Defending champion Feng shoots 68 to win Japan Classic

Feng became the first golfer on the LPGA Tour to defend a title in 2017 and claimed her second victory of the year, having captured the LPGA Volvik Championship in May.

Feng Shanshan of China poses with the trophy after winning the LPGA Japan Classic in Omitama, Ibaraki prefecture, on November 5, 2017. Feng carded a final-round 4-under 68 to defend her crown and take her eighth LPGA title with a two-stroke victory over Ai Suzuki of Japan.

Defending champion Feng Shanshan of China fired a 4-under 68 on Sunday to win the LPGA Tour's Japan Classic by two strokes.

Feng recovered from two bogeys on the first three holes with six birdies to finish at 19-under 197 at the Taiheyo Club's Minori Course in Ibaraki, two shots ahead of Japan's Ai Suzuki, who also shot a 68.

Feng became the first golfer on the LPGA Tour to defend a title in 2017 and claimed her second victory of the year, having captured the LPGA Volvik Championship in May. It was also her eighth LPGA title.

"That was my goal, before I started the week, to defend my title," said Feng. "My caddie told me: 'This week, you're going to be first. Two weeks ago, you finished third. Last week, you finished second, so you know what comes after that. first.' I was like, OK, let's go for it."

Suzuki had a chance to overtake Feng through the back nine, but any time Suzuki made a birdie, it seemed as though Feng would answer with one of her own. She couldn't capitalize on opportunities late in the round, and a final-hole bogey sealed the win for Feng.

"Her ball striking is so good. She left herself so many birdie chances and I was freaked out," Feng said of Suzuki. "Before I started the round, I told myself to not look at the other scores and just go to 21-under par. I played very well."

Sweden's Anna Nordqvist had a hole-in-one on the par-3 third hole and added five birdies against a lone bogey for a 66 to finish in third place at 15-under 201.

American Lizette Salas was fourth after finishing with a 68.

Former World No. 1 Lydia Ko of New Zealand was among a group of seven golfers tied for fifth place after firing a 68 that included five birdies and a bogey on the final hole.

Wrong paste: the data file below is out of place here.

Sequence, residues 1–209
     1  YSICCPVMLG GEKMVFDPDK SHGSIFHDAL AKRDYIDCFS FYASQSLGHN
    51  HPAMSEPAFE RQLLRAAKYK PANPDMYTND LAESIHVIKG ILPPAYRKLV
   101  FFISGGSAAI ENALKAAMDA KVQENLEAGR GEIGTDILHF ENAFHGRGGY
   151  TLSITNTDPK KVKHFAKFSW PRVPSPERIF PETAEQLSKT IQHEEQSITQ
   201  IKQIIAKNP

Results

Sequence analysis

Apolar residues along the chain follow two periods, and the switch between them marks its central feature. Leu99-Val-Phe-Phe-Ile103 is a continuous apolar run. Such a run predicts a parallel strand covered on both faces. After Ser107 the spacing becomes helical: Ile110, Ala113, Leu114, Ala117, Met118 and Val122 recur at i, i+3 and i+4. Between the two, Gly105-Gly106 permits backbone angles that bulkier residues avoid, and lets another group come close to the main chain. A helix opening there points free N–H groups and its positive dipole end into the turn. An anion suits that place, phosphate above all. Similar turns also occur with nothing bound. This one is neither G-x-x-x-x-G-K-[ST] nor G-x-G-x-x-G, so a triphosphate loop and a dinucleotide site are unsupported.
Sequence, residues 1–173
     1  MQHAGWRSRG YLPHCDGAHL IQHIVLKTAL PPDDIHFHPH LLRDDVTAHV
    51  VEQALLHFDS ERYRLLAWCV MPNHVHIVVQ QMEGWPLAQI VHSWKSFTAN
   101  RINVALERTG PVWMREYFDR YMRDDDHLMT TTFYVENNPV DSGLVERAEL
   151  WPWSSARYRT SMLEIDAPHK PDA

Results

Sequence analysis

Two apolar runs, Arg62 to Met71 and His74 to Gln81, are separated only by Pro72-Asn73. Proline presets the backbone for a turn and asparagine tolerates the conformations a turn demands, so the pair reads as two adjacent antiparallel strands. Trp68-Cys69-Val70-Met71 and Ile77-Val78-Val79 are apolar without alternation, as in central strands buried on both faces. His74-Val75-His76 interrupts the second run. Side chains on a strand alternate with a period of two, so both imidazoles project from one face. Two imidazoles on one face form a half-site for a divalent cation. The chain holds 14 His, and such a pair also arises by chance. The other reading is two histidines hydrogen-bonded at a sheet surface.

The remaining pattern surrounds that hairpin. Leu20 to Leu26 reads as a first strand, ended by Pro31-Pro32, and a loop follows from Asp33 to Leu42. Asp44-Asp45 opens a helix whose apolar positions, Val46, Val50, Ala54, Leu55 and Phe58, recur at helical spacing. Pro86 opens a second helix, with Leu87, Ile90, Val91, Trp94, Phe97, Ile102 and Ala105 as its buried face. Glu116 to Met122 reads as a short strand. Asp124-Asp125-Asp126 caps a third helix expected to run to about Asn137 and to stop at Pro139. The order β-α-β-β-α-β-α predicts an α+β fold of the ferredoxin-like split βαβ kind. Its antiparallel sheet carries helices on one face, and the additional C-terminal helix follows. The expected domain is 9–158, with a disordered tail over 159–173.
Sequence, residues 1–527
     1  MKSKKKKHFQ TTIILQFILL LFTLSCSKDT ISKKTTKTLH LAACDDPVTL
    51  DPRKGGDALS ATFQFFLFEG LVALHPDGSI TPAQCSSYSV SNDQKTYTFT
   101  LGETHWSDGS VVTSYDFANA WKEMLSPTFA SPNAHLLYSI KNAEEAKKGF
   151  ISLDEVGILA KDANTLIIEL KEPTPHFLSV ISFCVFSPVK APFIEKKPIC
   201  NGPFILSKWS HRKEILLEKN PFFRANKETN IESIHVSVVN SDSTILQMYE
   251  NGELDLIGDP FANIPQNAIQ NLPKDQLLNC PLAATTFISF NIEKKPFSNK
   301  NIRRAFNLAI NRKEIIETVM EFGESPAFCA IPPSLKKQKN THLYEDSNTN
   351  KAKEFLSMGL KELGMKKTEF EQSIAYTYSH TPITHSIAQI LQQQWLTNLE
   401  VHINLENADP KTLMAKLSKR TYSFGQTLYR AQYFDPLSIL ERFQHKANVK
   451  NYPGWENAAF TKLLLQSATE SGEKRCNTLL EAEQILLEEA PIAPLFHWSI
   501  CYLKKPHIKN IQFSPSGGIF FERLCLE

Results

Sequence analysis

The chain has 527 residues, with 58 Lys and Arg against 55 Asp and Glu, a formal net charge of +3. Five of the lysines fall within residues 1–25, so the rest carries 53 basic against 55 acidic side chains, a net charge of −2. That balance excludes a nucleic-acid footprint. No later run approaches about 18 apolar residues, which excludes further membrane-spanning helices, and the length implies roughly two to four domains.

No. 1 ranking

Meanwhile, Park Sung-hyun is projected to take over the women's world No. 1 ranking after fellow South Korean Ryu So-yeon finished equal 33rd at the Japan Classic on Sunday.

US Women's Open champion Park did not play the LPGA event, but Ryu had to finish no worse than sixth to stay in top spot, according to the projection.

"I didn't know that," Ryu said outside the scoring tent at the Taiheiyo Club, when told she had surrendered the No. 1 ranking.

"I don't really care about it. It's just a title. It's great to be No. 1 of course but the more important thing is how I'm playing for the present.

"I more care (about that) than my ranking."

Ryu, 27, was delighted to become No. 1 back in June, but admitted to eventually feeling the pressure of the lofty position.

"Because of No. 1, a lot of expectations levels went up high but right now I want to win a tournament more than keep my position," she said.

Rye battled a sore right shoulder throughout the Japan Classic, constantly rubbing it after hitting a shot.

"It was a struggle to play three rounds," she said.

Ryu is having a week off, and said she might see a doctor in the next few days to have the injury diagnosed.

She burst onto the international scene by winning the 2011 US Women's Open, and captured another major this year at the ANA Inspiration.

She went to No. 1 by winning the NW Arkansas Championship in late June, but has not had a victory since.

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